The year is almost over, and short of some masterpiece dropping out of nowhere, the best albums of the year are out there already. While I’m not as fluent in the world of music at large as I used to be, I do still find time to enjoy some of the latest albums. So, with that in mind, here are ten albums that I’ve been listening to a lot during 2018.

10. Gurrumul – Djarimirri (Child of the Rainbow)

Best Song: Gäpu (Freshwater)

In the documentary Gurrumul, there’s a beautifully comic scene where Gurrumul discusses the lyrics to The Police’s Every Breath You Take. After being invited to sing a duet with Sting, Gurrumul questions the lyrics that essentially carry no meaning. There’s nothing to the song other than it being a bunch of words. In contrast to Every Breath You Take is the final masterpiece from the late legend, Djarimirri (Child of the Rainbow)

Here, Gurrumul blends Yolgnu culture with western music in a way that you can’t help but be moved. These songs about Gurrumul’s life and his culture.They’re about the legacy of the first nations people of Australia and the long history that goes untold in Australian culture. To Gurrumul, every song is personal, every song tells a story that comes directly from his life. We’re lucky to have been able to experience such a profound talent.

9. Urthboy Turning Circle EP

Best Song: Have and Hold

It may feel like a cheat to slap an EP on a ‘Best Albums of 2018’ list, but when the EP is made up of five of the best songs that that artist has ever written, well, you damn well bet it’s going to end up on the list.

Urthboy’s Turning Circle EP is short, but full of the explosive, angry, and inspiring themes that have flowed through Urthboy’s previous works (Turning Circle is the perfect companion to his previous album The Past Beats Inside Me Like a Second Heartbeat). Whether it be slamming the conspiracy theory morons who fill the internet with Flat Earth, or the ode to marriage equality with the heart breaking Have and Hold, there’s not a dud on this release. With the realisation that The Herd will probably never release another album, it’s great to see that Urthboy is still carrying the political flame for Elefant Traks with essential release after essential release.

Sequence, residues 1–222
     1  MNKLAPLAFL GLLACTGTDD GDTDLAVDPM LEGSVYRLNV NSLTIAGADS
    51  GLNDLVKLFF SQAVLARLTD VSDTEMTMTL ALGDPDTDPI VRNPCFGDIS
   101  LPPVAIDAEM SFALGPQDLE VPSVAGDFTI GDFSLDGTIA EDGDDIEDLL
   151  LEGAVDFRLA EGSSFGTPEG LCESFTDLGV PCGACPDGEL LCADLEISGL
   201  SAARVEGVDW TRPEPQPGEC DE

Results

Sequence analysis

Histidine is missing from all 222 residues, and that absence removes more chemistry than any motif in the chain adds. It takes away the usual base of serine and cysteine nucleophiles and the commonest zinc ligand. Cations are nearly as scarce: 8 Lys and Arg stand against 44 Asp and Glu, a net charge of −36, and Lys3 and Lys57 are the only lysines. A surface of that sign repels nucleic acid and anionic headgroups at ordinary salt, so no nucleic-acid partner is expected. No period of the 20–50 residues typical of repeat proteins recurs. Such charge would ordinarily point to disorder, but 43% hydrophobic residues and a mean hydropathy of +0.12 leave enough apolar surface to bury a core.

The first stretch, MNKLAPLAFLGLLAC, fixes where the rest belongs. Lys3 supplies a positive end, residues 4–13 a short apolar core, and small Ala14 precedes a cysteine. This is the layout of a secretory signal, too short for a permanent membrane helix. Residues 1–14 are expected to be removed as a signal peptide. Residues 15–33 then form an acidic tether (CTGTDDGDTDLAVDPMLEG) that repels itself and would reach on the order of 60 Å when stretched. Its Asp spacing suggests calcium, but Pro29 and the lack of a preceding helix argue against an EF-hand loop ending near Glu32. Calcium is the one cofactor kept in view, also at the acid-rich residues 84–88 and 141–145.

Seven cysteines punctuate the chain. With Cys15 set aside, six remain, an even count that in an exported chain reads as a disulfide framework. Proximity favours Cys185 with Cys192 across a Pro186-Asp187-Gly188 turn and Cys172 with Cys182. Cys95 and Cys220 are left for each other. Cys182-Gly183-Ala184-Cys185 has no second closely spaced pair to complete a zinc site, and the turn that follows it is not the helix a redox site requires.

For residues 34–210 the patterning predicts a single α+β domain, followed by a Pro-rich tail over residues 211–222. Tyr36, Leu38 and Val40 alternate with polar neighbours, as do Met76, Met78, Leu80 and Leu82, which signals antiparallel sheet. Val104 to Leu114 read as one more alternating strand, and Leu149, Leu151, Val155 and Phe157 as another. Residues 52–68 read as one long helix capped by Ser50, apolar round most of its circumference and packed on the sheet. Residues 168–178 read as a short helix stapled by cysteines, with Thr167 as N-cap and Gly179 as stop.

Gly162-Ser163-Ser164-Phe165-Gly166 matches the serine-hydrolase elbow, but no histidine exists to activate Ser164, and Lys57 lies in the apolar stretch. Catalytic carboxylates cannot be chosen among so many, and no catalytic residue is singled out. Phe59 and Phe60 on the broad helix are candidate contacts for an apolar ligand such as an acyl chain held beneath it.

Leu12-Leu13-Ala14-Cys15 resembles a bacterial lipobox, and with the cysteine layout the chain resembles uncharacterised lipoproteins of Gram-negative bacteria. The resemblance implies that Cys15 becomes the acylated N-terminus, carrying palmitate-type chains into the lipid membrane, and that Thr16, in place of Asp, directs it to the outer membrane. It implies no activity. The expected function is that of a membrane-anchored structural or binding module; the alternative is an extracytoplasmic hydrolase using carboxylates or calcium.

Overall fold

8. Janelle MonaeDirty Computer

Best Song: Screwed

Now, I’m a bit of a novice when it comes to R&B music, but good music is good music,and there’s no denying that Janelle Monae’s Dirty Computer is one of the most enjoyable, exciting, invigorating releases of the year. It embraces LGBTIQ+ life. It embraces sex. It embraces feminism. It embraces living a life and questioning the establishment.

It’s bright, it’s exciting, and it’s subversive in all the right ways. Take the best song on the album, Screwed, where Monae joins up with Zoe Kravitz to sing about sex. At first it’s all about owning sex, and owning who you are, then it morphs into questioning the power of sex, culminating in one heck of a line – everything is sex, cept sex, which is power. Even if you don’t dig into the deeper themes of Dirty Computer, you’re still going to walk away with an album that rewards you with great music. Isn’t that enough?

7. First Aid KitRuins

Best Song: To Live a Life

It’s been a while between albums for First Aid Kit,with their last album being the pitch perfect Stay Gold in 2014. Before Ruins landed, there was a barn burning track that landed out of nowhere – You Are the Problem Here. As an acerbic song that landed just as the #MeToo movement was beginning, You Are the Problem Here suggested that there was going to be a change of tone for First Aid Kit going forward.

But, with that anger out of their system, they returned with Ruins. A quiet album that is contemplative, reflective, and, as is expected from a First Aid Kit album,embraces the bond that Johanna and Klara have as sisters. Ruins crosses genres, with a touch of folk and an element of country being blended into the mix, coming together to show a cohesive theme of growing from the troubles of your past. The quietest song on the album, To Live a Life, is also the most heartbreaking, with a single guitar gradually building to an immersive harmony that washes away any feeling of grief or sorrow that you may be holding onto, allowing you to be ok with the difficult decisions you’ve had to make as your life rolls forward.

6. Camp CopeHow to Socialise & Make Friends

Best Song: The Opener